Sony hit by DDoS attackers who maybe trolls or Jihadists

Microsoft and other online game providers also disrupted, while Sony president's plane is diverted by bomb hoax.

Sony hit by DDoS attackers who maybe trolls or Jihadists
Sony hit by DDoS attackers who maybe trolls or Jihadists

Companies are being warned to protect themselves against a new wave of DDoS attacks after Sony's PlayStation and Entertainment Network online games services were brought down over the weekend by DDoS hacktivists who could be trolls or Islamic extremists.

Other games networks – including Microsoft's Xbox Live service, Blizzard's Battle.net (which hosts World of Warcraft) and Grinding Gear Games – were also disrupted.

Sony, which suffered one of the worst data breaches in history in 2011, was specially targeted. A group called Lizard Squad claimed responsibility for the DDoS attack on the company and also tweeted a bomb threat on Sunday which forced American Airlines to divert an internal US flight carrying Sony Online Entertainment president John Smedley.

Lizard Squad made a number of claims on their Twitter feed associating themselves with the Islamic militant group ISIL, which was previously known as ISIS.

They claim to have “planted the ISIS flag on Sony's servers” and tweeted “Kuffar (non-believers) don't get to play video games until bombing of the ISIL stops”, “all Kuffar shall die” and other messages referring to Jihad.

But the group also tweeted the more mundane: “Sony, yet another large company, but they aren't spending the waves of cash they obtain on their customers' PSN service. End the greed.”

Smedley himself poured scorn on Lizard Squad's ‘political' claims, adding: “I wish the national media would stop letting these DDoS trolls' occasional use of the ISIS cr*p be taken seriously.” He added: “Yes. My plane was diverted. Not going to discuss more than that. Justice will find these guys.”

Meanwhile, another hacker, Fame, also claimed responsibility for the Sony attack and accused Lizard Squad of stealing the credit.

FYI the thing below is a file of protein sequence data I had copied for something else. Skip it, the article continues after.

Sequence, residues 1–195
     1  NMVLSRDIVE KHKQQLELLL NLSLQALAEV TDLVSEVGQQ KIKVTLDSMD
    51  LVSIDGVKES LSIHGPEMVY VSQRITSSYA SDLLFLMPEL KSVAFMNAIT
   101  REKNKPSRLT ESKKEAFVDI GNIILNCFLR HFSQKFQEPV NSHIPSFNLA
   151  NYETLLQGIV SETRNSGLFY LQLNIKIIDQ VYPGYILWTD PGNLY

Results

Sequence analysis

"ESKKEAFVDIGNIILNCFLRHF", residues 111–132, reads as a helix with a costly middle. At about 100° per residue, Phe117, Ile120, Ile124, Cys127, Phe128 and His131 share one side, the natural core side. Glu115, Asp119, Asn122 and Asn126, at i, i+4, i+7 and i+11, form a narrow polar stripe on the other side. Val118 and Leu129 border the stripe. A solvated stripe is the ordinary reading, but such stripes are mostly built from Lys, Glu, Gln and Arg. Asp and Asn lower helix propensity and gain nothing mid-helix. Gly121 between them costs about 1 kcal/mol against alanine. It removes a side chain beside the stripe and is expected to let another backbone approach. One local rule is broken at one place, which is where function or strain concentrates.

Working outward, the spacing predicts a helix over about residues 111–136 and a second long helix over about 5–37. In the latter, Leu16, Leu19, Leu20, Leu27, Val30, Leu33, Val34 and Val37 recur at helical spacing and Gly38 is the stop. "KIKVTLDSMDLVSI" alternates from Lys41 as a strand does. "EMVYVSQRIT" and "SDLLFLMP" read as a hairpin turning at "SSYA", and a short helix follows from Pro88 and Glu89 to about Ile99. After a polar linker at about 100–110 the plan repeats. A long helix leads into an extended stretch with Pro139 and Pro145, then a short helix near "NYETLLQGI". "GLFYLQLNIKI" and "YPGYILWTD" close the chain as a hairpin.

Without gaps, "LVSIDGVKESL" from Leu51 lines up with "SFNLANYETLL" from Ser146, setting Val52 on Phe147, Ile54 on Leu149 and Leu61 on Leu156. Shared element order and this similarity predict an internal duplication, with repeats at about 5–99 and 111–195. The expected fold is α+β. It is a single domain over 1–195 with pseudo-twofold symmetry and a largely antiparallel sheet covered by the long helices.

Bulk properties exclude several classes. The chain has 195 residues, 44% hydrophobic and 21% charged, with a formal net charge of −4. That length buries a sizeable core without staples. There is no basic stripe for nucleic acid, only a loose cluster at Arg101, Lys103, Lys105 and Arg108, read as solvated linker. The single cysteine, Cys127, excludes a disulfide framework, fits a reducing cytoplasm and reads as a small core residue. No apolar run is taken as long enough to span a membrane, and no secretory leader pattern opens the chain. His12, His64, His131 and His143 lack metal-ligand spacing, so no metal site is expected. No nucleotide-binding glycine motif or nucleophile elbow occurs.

The Sony attack follows last week's revelation by IP security firm Incapsula that a video games company had been hit by 38-day DDoS assault.

Later on Sunday, Sony social media manager Sid Shuman blogged to say the PlayStation and Sony Entertainment networks were back online, saying: “We sincerely apologise for the inconvenience caused by this issue.”

But CISOs everywhere are being warned that DDoS attacks are becoming very common – because they are so easy to carry out.

Cyber security expert Brian Honan of BH Consulting, a special advisor on internet security to Europol, told SCMagazineUK.com: “If you're a target, your network is designed to cope with a certain amount of traffic, so it can be quite easy to flood that capacity by using different types of DDoS attacks - whether that's using a botnet to send multiple requests to it, or using reflection attacks against protocols such as DNS etc to send large packets to a target to bring it down.

“Also many organisations until now have not seen DDoS attacks as being a potential threat and therefore don't have the adequate protections in place. They haven't contacted their ISPs, their data centre providers or any other DDoS mitigation services to help them deal with those types of attacks.”

Lancope CTO TK Keanini agreed, telling journalists via email:"Distributed Denial of Service attacks used to be a resource held by a few of the elite groups on the net, but today this method of attack is available to anyone as it is offered as a service. If you know where to look, and you have some crypto currency in hand, just point and shoot.

“If you, or more likely your business, is connected to the internet, you will at some point fall victim to a DDoS attack.”

On the question of whether the latest attackers were political or not, Honan said. “Based on the information we have at the moment it's very hard to definitely say whether they're trolls looking for attention, or they are connected to jihadists and have a political motivation. Some groups often claim to have some sort of political connection to legitimise what they're doing or to try and big themselves up.”

Dave Larson, CTO of Corero Network Security, told journalists via email that the Sony attack “appears to be part of a larger trend of disruptive and destructive attacks by apparently politically motivated groups. The drivers for launching attacks are far-ranging and difficult to pinpoint in many cases - anyone can become a victim at any time.”

He added: “This example strongly underscores the importance of including a DDoS first line of defence as a component of your network security architecture, as any online business can be a target for misguided activism. Any organisation that hasn't taken the necessary steps to protect against these types of attacks, could be at serious risk.”

To protect your organisation, Honan said: “Look at what services you can deploy on your network or equipment you can directly buy to help manage a DDoS attack. Contact your ISP or your hosting provider to see what services they can put in place; or there are third-party providers out there, such as CloudFlare, Akamai, etc - solutions that companies could subscribe to depending on their own particular risk profile.”

Microsoft declined to confirm the cause of the disruption to its Xbox Live online gaming service.